We must measure hard values that can be utilized to calculate ROI after the test scenario is set up. The time needed for establishing a stable build is one such measurement. While this definition may not be different per project or company, a good measurement of a stable build is the one that consists of zero critical bugs. We can have a hard value of which method involves less cost by taking this measurement and calculating the utilized man-hours. The other method is the number of critical bugs that are found as they need considerable resources to correct. In both methods, by correcting the bugs, you can measure the resources that are utilized in those methods, and can compare the expense of both methods. You can compare any savings to the amount of money that is invested by measuring these values, thus calculating your return on investment.

It is very important to note that other Agile methods and Scrum have benefits that are very hard to measure empirically. While the Agile methods are executed as they enhance flexibility, how we can measure a method’s consequential flexibility concretely? One option is to measure the time it takes to incorporate our test scenarios by analyzing how they deal with added features. Scrum boasts a collaborative process that enhances the interaction between your employees. You can see how many mistakes are made by tracking the errors in communication via emails or other modes. The involvement of customer is another principle of Agile. The goal of this principle is to enhance customer satisfaction. After the projects are delivered, we could conduct a survey and gather the opinion of customers to know which process was better. Moreover, few employees could work better under distinct processes and their opinions must be considered. Nevertheless, these benefits are very difficult to measure empirically and so, they are not added easily into the ROI.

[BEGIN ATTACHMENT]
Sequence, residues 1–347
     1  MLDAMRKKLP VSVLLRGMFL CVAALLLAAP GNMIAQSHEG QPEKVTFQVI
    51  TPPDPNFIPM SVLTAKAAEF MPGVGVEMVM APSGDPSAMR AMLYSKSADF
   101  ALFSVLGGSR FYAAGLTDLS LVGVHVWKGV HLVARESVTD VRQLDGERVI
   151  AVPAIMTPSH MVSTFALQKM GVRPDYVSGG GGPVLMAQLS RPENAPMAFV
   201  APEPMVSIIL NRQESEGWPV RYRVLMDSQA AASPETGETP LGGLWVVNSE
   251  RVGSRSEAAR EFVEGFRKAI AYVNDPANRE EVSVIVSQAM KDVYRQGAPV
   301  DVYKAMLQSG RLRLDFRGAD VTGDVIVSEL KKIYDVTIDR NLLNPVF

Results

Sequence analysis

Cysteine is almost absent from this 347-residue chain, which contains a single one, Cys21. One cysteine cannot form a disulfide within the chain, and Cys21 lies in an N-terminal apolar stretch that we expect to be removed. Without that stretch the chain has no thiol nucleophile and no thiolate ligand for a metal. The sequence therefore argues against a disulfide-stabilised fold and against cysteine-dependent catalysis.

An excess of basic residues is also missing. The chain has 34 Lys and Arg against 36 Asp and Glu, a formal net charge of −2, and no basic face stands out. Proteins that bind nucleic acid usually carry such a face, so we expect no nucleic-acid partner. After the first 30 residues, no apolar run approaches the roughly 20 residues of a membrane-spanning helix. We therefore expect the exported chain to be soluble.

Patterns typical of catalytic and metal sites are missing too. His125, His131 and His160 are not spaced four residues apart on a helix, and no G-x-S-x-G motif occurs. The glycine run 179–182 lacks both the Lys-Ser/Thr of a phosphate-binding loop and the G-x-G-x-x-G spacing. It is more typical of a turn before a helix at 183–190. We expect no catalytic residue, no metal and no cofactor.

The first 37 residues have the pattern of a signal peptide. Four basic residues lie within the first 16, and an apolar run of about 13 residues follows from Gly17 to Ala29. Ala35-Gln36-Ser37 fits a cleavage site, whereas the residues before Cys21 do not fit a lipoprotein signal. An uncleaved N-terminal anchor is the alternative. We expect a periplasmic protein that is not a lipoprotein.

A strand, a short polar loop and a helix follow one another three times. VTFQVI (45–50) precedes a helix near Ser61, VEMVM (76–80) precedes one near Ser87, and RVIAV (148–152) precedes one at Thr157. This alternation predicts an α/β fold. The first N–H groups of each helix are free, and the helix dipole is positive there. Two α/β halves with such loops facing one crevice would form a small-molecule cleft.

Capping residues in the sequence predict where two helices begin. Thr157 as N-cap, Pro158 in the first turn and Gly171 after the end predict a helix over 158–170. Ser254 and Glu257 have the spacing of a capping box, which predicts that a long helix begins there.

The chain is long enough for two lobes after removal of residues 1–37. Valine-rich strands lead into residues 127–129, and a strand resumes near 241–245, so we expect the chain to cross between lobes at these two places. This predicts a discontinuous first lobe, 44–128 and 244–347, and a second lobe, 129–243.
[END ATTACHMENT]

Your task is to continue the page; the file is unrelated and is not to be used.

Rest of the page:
Conclusion

In order to speculate or estimate the ROI of Scrum, there are many proposed ways. For the project of your organization, Studies may suggest methods depending on scope or size, but these proposals will never be as great as measuring your own results by testing the process in your environment. Scrum and other Agile processes have great intentions and values, stressing the business value and providing a better product. This doesn’t mean that they are the ideal practices for your project or your organization. Moreover, you must consider that while learning a new methodology, the initial attempt of a team may not represent the best possible work that can be produced with that particular methodology. Therefore, it is important to find a method that fits you and your team perfectly.

### Savaram Ravindra

Blog Author

Savaram Ravindra was born and raised in Hyderabad, popularly known as the ‘City of Pearls’. He is presently working as a Content Contributor at Mindmajix.com. His previous professional experience includes Programmer Analyst at Cognizant Technology Solutions. He holds a Masters degree in Nanotechnology from VIT University. He can be contacted at savaramravindra4@gmail.com.